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Last Updated on August 5, 2019, by eNotes Editorial. Word Count: 657

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As long as I draw a breath in my body I’m gonna do the right thing for me. What I got to be sorry for? People say, “Ain’t you sorry you killed Pernell?” I ain’t sorry I killed Pernell. The nigger deserve to die. He cut my face.

[...]How can I be wrong for killing him?” That’s common sense. I don’t care what the law say. The law don’t understand this. It must not. They wanna take and lock me up. Where’s the understanding? If a burglar break in a white man’s house to steal his TV and the white man shoot him they don’t say he wrong. The law understand that[...].

In the above quotes, King Hedley questions the injustice of society's double standards. King is definitely not sorry for killing Pernell. To King, Pernell deserved to die because of the grave injuries he inflicted on him (King).

King also questions society's views about justice. He laments the disparities in the court system. For example, certain types of violence are classified as either self-defense or murder, depending on the race of the aggressor. King thinks that this is unfair. He maintains that he tried to show the all-white jury his scars, but to no avail. Instead, fearing that King had murderous intentions against the jury, the court ordered 6 deputies to restrain King.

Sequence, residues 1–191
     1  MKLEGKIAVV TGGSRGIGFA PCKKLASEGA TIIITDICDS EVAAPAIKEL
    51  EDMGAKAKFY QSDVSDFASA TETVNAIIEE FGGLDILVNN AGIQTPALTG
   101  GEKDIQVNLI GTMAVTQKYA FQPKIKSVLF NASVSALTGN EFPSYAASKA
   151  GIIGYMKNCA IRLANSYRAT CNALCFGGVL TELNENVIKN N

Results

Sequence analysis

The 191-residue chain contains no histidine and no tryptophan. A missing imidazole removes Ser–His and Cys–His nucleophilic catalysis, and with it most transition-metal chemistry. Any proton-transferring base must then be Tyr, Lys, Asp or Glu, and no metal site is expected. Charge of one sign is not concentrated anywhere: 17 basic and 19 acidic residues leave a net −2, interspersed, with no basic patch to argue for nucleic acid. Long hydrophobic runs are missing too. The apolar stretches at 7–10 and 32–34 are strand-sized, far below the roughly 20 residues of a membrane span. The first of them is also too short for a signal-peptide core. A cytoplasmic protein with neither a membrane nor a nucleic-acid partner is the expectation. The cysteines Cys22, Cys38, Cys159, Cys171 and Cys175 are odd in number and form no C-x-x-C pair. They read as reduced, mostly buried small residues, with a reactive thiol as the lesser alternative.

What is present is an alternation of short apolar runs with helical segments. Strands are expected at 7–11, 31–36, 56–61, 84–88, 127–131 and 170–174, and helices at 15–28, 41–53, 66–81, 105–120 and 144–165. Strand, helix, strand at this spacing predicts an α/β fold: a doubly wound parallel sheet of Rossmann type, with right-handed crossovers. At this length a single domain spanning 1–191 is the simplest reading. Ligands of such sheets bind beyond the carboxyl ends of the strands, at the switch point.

Because of the stereotypical views about black men, King's desperate attempts at exonerating himself were misunderstood. He was angry that his rationale for Pernell's murder was discounted and rejected by the jury. In turn, his anger was interpreted as a prelude to violence on his part. In the end, King was sent to solitary confinement. So, the play highlights the challenges that occur when one's conception of justice conflicts with that of society or the courts.

That’s why I need this baby, not ’cause I took something out the world but because I wanna put something in it. Let everybody know I was here. You got King Hedley II and then you got King Hedley III. Got rocky dirt. Got glass and bottles. But it still deserve to live. Even if you do have to call the undertaker. Even if somebody come along and pull it out by the root. It still deserve to live. It still deserve that chance. I’m here and I ain’t going nowhere. I need to have that baby. Do you understand?

The above quote highlights King's quest for meaning. Even though he believes that Pernell deserved to die, King does regret killing him. He tells Tonya that he was shocked to see Pernell's grave and the inscription that read "Father. Son. Brother." King hadn't realized that Pernell was a father. Now that King is slated to be a father, he wants to redeem himself. So, he begs Tonya to keep the baby.

King tells Tonya that his own father died when he was barely three years old. Additionally, both Pernell and his father are also dead. King believes that the baby Tonya is carrying is a gift. He thinks that by giving the baby a chance to live, he is bringing something beautiful into the world.

Additionally, King wants to break the chain of misery that, until now, has bound him to his past. He wants to leave his former life of crime behind and to begin anew with the birth of his baby. In other words, King wants his legacy to be different from the one his father left him. As for Tonya, she is skeptical that King will change his ways. Tonya is also worried about the birth of a new baby as she already has a teen daughter to contend with. From the play, Tonya and her daughter, Natasha, appear to have a contentious relationship.

So, despite King's efforts at changing his life, he is plagued by persistent conflicts and challenges along the way.